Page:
Retirement savers have a win and a loss at the end of 2019
Who says Congress is tied up with impeachment? Both the House and the Senate passed a Christmas-time bill that gives retirement savers both a gift and a piece of coal.
A gift! Required distributions from retirement accounts will start at age 72
The good news is that if you’re not already of the age 70 ½, then you can delay your required minimum distributions from your retirement accounts until you are age 72.
For decades, the law has required anyone who has a retirement account to begin distributions the year in which they turn 70 1/2. Now, the rule has postponed the required minimum distributions (RMDs) until age 72. That is an age that is much more easy to remember. It’s also a benefit for younger retirees, because they can defer taxes a little longer if they don’t want to take distributions now.
The bad news is that if you’ve already started your IRA required distributions, then you’ve got to keep pulling them out. Only folks who turn 70 1/2 in 2020 and younger folks benefit from this Senate’s Santa gift.
Congress did not make it clear whether or not the percentage of your account that you must withdraw will be changing. This could make it confusing for retirees and financial planners like us! We’ll keep you posted as soon as we know anything. But, to reiterate, if you are already taking your RMD then this gift is not for you. You must continue taking the distributions, just like you have been.
If you are younger, then you benefit. Turning 70 1/2 in 2020? You don’t have to start RMDs until 2021 or 2022, depending upon whether your birthday falls in the first or second half of the year. Younger folks get a little more choice and control of when to make distributions from retirement accounts.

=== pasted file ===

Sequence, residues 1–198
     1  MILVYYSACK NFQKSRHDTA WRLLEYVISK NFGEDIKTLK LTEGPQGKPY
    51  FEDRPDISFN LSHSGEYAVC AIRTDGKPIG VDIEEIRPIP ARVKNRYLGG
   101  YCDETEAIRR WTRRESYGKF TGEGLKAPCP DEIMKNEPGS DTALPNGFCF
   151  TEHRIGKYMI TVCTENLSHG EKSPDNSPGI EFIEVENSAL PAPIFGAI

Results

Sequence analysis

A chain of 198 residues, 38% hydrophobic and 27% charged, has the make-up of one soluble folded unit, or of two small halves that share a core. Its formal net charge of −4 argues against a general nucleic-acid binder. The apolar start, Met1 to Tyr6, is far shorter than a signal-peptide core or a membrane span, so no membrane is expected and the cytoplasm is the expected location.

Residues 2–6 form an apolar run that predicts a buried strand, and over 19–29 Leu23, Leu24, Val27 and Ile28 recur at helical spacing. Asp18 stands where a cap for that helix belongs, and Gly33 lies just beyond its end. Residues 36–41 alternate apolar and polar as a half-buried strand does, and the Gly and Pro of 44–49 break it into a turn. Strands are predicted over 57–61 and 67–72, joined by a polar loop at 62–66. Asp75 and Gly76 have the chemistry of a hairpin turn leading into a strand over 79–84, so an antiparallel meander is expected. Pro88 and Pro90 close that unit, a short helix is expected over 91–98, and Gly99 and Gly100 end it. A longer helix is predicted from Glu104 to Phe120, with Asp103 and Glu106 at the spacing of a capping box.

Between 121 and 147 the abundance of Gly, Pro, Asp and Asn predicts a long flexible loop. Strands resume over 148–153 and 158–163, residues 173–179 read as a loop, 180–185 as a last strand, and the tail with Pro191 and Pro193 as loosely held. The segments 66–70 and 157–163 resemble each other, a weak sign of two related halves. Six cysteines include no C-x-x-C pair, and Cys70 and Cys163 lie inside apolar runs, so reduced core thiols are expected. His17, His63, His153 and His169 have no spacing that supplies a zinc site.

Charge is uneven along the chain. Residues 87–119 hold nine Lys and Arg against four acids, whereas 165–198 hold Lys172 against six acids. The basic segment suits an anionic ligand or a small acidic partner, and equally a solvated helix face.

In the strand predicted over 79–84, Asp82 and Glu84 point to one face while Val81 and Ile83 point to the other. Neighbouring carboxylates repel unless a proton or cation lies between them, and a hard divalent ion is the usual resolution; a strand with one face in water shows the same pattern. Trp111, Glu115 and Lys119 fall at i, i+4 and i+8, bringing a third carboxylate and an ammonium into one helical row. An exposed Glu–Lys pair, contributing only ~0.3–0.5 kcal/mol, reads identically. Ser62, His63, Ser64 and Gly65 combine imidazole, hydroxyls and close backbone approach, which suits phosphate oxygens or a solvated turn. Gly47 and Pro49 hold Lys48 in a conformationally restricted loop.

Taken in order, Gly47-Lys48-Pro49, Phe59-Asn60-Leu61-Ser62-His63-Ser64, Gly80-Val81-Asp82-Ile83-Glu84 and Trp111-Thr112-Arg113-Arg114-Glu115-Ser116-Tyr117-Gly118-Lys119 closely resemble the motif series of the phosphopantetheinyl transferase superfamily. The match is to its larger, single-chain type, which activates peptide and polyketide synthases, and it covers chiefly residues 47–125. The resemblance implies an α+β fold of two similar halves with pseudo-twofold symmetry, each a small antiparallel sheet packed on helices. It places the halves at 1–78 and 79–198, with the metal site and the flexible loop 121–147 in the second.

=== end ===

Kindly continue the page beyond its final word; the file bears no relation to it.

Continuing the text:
Interestingly enough, 80% of Americans are taking more than the minimum distribution from their retirement accounts. It’s only a gift to the 20% who don’t want to take IRA distributions and continue to defer that tax bill as long as possible. (Levine)
A lump of coal: No more Stretch IRA
The Senate left a lump of coal for our kids and younger generations who are inheritors.
A surviving spouse may roll the decedent’s IRA into his or her own account. A child who inherits an IRA may continue to defer taxes until they reach the age of majority (determined by their state of residence), and then defer for 10 years after that. Other than these (and a handful of other rare) exceptions, anyone who inherits a retirement account after December 31, 2019 will have to pull out the money and pay income taxes within 10 years.
Until now, we’ve all benefited from the “stretch IRA,” which allows the inheritor to spread the income over their life expectancies. And then a second generation could inherit the retirement account and spread it over their life expectancies. But no! The stretch is gone! This is a big tax increase, and it’s not getting a lot of attention.
To recap, any IRA, Roth IRA, 401k, 403b, 457, TSP, profit sharing plan, or another retirement account qualified with the IRS for tax-deferral faces a sure-death 10 years after we pass away. Our inheritors may no longer spread the payments from the IRA over their life expectancies. They may pull the money out sooner, but no later than, the tenth year after the decedent’s death.
Go Tax Free!
The loss of a stretch IRA is a big loss for those of us who plan on transferring at least some, if not all, of our financial assets to our children after we pass away. The change is so substantial that I’ve decided to update my book, and nbsp;Go Tax Free, and the blog, www.gotaxfreebook.com, and nbsp;with new financial planning ideas.
If you’re interested in receiving the latest and nbsp;Go Tax Free ideas as our team comes up with them, visit the website and click the link to subscribe. In the mean time, if you haven’t already downloaded the free Kindle version of my book, and nbsp;Go Tax Free, visit Amazon or call your financial advisor and we’ll make sure to get you an e-book. The concepts therein are timeless, but the loss of the stretch IRA presents timely new planning opportunities, and I am excited to share them with you.
Here’s to a great 2020!